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I love my country dearly and I care deeply for the friends that served with me in Desert Storm. I think about the soldiers that are in the Middle East now and wonder how they're doing. I hope they have everything they need to keep them safe and I wish they would come home soon. Almost every night when I lay my head down on my pillow and get snug under the covers, I think of all the soldiers who are over there on guard in the early morning hours while I am warm and restful in my bed. And then, I thank them!

Thursday, January 28, 2010

Colby Buzzell

I should be cleaning, finishing a painting I started, or doing something else productive, but instead, I wanted to share my thoughts on a book that I just finished reading. Colby Buzzell is a Veteran of Iraqi Freedom and published a book called, _My War: Killing Time in Iraq_. It is probably the first book that I read that is so blatantly honest and real, infact, it's the first book that I've read that uses the word "fuck" on almost every page. Some of his readers found it offensive but I didn't. I thought the language was pretty funny and expressed what everyone in the military wants to say. I give the publishing company credit for publishing it.

The book was inspired after Colby wrote a series of blogs from Iraq. He explains in his book that news got out to his Commander and the Battalion Commander that he was writing the blog. After reading his stories his chain of command thought that he was exposing too many critical details of his company's missions that could potentially put his unit in danger. He was ordered to stop writing for a period of time but then once he did start writing again it seemed that he just gave up fighting the system.

In his book, he criticizes his chain of command saying that they had no reason to stop him from writing, and that he said nothing in his blogs that would have compromised the security of his unit. However, if you read his blogs, then you'll know that he Did give out critical information that could have given the "enemy" some very useful details of his units exact location (near the water tower), the roads they traveled every day, the weapons they were using, the time of day they typically completed missions, and the names of the local interpreters that were working with his unit.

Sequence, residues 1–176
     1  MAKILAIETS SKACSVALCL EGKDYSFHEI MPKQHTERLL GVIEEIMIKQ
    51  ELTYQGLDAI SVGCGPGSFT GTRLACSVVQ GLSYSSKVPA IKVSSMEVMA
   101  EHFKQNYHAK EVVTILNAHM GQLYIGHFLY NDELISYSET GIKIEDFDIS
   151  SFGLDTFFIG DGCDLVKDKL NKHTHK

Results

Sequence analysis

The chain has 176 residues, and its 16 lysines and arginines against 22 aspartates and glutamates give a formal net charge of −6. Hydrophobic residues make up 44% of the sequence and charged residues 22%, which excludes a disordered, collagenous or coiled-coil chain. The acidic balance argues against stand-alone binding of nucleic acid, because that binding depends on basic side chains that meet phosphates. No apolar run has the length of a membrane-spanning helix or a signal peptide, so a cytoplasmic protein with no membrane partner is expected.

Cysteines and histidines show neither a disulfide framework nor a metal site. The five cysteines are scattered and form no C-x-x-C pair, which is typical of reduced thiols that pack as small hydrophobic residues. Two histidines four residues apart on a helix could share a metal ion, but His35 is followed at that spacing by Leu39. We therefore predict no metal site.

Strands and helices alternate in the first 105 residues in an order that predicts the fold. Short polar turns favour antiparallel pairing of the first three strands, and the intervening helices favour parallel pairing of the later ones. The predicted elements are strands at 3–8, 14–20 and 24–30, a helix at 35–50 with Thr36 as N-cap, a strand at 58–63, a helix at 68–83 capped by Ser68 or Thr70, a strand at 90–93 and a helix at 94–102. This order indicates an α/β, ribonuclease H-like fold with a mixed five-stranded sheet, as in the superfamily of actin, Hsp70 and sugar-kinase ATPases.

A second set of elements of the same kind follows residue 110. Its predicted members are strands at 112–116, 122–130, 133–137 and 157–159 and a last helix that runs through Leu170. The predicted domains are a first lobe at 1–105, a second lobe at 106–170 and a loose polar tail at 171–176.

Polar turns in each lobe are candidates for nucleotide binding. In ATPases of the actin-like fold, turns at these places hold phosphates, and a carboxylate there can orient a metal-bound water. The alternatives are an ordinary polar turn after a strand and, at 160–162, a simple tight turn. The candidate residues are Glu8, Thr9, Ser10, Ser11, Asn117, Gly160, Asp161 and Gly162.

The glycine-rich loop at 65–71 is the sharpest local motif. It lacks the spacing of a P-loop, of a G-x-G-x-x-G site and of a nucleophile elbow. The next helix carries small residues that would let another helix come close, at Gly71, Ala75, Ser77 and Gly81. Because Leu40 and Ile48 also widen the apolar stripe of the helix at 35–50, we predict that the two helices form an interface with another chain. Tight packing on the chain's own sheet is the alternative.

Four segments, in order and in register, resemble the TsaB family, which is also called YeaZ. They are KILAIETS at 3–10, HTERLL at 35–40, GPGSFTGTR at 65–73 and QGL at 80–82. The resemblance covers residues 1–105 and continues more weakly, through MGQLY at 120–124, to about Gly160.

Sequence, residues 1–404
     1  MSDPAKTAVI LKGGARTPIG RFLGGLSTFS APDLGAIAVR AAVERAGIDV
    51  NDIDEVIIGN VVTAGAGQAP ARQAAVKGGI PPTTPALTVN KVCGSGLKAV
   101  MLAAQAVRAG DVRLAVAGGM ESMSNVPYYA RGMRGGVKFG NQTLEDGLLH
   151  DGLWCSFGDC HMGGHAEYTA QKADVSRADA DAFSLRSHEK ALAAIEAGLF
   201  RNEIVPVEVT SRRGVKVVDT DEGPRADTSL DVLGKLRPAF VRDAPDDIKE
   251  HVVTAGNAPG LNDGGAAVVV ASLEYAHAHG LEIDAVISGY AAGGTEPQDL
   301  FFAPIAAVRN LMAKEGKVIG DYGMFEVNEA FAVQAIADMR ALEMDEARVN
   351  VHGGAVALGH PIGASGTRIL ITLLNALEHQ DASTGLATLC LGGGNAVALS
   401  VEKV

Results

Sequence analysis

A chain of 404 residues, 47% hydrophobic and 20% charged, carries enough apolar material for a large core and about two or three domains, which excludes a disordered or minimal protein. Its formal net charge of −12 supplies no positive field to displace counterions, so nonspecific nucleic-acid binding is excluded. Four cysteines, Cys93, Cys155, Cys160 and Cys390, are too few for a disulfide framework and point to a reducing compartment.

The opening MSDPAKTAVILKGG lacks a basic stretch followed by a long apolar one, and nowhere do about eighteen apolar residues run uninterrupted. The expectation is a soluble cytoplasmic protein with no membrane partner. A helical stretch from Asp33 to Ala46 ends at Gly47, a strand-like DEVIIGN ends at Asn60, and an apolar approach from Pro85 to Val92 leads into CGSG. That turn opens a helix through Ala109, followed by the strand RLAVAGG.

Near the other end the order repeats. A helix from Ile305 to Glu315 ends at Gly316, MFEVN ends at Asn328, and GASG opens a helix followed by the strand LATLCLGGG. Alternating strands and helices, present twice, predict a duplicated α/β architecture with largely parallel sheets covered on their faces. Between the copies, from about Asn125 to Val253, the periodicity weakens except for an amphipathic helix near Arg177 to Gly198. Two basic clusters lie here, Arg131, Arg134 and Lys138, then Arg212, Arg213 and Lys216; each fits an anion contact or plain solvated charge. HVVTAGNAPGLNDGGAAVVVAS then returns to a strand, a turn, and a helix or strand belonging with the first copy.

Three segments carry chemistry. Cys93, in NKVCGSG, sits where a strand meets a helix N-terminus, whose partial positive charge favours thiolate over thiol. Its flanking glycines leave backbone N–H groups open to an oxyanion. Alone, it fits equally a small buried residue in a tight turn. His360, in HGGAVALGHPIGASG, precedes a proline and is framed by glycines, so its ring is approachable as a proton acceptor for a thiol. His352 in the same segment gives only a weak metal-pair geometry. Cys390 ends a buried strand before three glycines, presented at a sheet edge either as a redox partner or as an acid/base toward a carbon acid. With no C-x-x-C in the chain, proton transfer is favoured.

Now, I've been working on a book about my time in Desert Storm for about 8 years now. I put it away and stopped writing for all these years for a few reasons, one of them being that I was weary that the "enemy" could use the information to their advantage. So, now that I'm back to writing again I censor each sentence. While Colby's book was interesting to read, I do think he exposed too many details in his blogs. But on the other hand, I think our media also exposes too many details. Sigh!

1 comment:

  1. I'm reading his book right now "My War". I started it last night and haven't been able to put it down. I'm half way through it and I keep looking at the stack of remaining pages concerned about them ending . This is a great piece of literature because it is so truthfully expressed . I am a Vietnam Vet and maybe Tim Obrien's book "The Things They Carried"reminds me a little of this . Colby has this nailed because even though I'm generations older I can relate to his Army experience as a comabat infantryman. This book should have won the Pullitzer , yet I don't know if it hasn't. Thanks Colby. Vietvet

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